The prohibition of alcohol that took place in the 1920s was also known as "The Great Experiment". I think this is a perfect name for it, because in the long run that's all it really was, an experiment. The experiment was to see if by taking away alcohol, would the nation improve. Technically, the experiment was a success, overall crime lowered, accidents too, but because most people went to illegal measures to obtain alcohol regardless of the law, it had to be repealed. Although the prohibitions of drugs still stand, these laws are not necessarily obeyed by the citizens of the United States, just like during the Prohibition. This is mostly because illegal drugs and alcohol have one thing in common: they make people feel good. Most people just won't stand for laws that make it illegal to make yourself feel good.
The prohibition of alchohol and the prohibition of drugs are very similar in their foundations. In the 20's, people argued that Alcohol promoted violence, had considerable health risks, and caused an overall risk to the nations wellbeing. With these points in mind, congress passed the 18th amendment on December 18, 1917, and ratified it on January 16, 1919. This amendment stated that no person, of any age, could buy, sell, manufacture, or transport alcohol. The American public did not respond positively to this decision. Even though there were laws against it, people continued to buy, drink, and sell alcohol (Mowry 34). There were many health risks associated with alcohol. And like many illegal drugs, it can kill you after just one instance of misuse, which is known as alcohol poisoning. Also, alcoholism is hereditary, meaning that a person who had a parent or other close relative who was diagnosed with alcoholism runs the risk of getting the disease (227). .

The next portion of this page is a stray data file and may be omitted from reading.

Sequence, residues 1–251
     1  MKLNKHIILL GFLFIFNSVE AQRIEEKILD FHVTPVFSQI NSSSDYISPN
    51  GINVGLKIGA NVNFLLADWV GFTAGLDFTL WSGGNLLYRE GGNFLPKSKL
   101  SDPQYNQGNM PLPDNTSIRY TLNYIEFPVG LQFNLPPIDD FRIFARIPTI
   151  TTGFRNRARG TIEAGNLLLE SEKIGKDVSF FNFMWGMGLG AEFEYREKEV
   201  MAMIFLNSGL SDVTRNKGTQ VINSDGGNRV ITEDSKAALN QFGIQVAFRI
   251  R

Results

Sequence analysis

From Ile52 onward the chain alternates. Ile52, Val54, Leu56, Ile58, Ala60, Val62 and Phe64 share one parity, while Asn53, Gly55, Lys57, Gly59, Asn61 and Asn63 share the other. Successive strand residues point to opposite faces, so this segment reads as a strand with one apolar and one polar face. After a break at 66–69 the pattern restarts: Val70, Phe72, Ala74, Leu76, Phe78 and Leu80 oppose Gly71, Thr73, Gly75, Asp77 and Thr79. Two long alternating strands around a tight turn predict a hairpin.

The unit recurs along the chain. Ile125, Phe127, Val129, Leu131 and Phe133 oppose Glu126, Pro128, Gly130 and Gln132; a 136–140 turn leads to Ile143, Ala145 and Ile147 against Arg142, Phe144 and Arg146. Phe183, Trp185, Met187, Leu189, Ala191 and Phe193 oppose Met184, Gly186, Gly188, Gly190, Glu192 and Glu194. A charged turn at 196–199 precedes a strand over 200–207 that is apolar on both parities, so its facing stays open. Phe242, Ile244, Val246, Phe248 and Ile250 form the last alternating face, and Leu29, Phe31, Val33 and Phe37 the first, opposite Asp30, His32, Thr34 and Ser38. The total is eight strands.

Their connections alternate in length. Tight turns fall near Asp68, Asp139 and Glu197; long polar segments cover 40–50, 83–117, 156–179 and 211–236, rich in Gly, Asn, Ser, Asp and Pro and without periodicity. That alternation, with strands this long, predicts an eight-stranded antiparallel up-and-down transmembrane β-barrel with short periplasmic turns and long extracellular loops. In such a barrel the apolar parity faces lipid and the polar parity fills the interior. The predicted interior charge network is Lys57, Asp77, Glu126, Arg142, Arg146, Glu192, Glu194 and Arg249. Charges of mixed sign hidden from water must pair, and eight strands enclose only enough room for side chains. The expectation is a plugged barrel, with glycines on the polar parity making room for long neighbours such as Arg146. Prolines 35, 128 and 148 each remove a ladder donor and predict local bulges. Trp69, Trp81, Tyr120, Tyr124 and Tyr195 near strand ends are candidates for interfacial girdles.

The 20's was known as a time of change. People back then started thinking outside of the normal, fundamentalist state of mind.